Students learning, volunteering in Tanzania
Western Washington University students work on math problems with the Tanzanian students during a trip to an orphanage in Himo, Tanzania, on Saturday, Aug. 10. Courtesy photo
After breakfast, Tuesday, Aug. 13, the students took a nice hike overcoming treacherous acacia trees to reach a pretty view point of Lake Chala and the savannah. This trip turned into a brief visit to Kenya, seeing as the Tanzania/Kenya border went right through the top of the hill they had climbed. Courtesy photo
A group of Western Washington University is in Tanzania this summer studying the local culture and environment.
Tim Scharks, an instructor at Huxley College of the Environment, is leading the group, which spends nine days and nine nights in and around Moshi, a small town located at the base of Mt. Kilimanjaro. The group also experiences local culture and activities of daily life through four days of home-stay living with Chagga families and explores some of the most amazing and beautiful landscapes in the world with eight days of camping safari.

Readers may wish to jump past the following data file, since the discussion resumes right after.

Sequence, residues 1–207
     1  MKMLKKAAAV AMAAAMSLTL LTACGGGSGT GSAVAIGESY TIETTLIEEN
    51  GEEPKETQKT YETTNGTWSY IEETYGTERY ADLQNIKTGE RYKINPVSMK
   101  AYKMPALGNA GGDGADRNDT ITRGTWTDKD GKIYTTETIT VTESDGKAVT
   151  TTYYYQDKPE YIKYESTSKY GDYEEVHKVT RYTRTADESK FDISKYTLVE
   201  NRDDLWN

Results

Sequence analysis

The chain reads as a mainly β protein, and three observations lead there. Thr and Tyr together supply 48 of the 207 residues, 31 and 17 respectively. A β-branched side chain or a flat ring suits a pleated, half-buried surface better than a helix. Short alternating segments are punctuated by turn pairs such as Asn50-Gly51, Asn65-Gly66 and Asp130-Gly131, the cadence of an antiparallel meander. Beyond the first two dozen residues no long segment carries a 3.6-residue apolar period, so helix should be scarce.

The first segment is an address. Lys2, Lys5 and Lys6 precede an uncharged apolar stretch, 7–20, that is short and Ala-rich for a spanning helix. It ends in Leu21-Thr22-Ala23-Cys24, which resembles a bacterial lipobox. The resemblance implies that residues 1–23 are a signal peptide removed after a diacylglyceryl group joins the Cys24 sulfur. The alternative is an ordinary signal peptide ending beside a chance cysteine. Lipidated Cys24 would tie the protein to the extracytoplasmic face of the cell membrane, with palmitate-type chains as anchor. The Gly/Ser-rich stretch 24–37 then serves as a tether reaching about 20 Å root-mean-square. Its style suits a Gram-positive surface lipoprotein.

Most recently, the students were working with the Make a Difference Now organization at an orphanage in Himo, helping the kids with their studies, teaching them to slackline and giving hints on taking quality photographs.
The trip, which began Aug. 4, continues through Aug. 24. To earn their six credits for the summer, the students are enrolled in ENVS 337A and ENVS 337B. The course is one of many faculty-led study abroad courses offered at Western through Extended Education.
Follow the students’ experiences on their blog at http://wwutanzania.blogspot.com. For more information on the Tanzania trip, check out this recent article from Soundings, the newsletter for WWU families.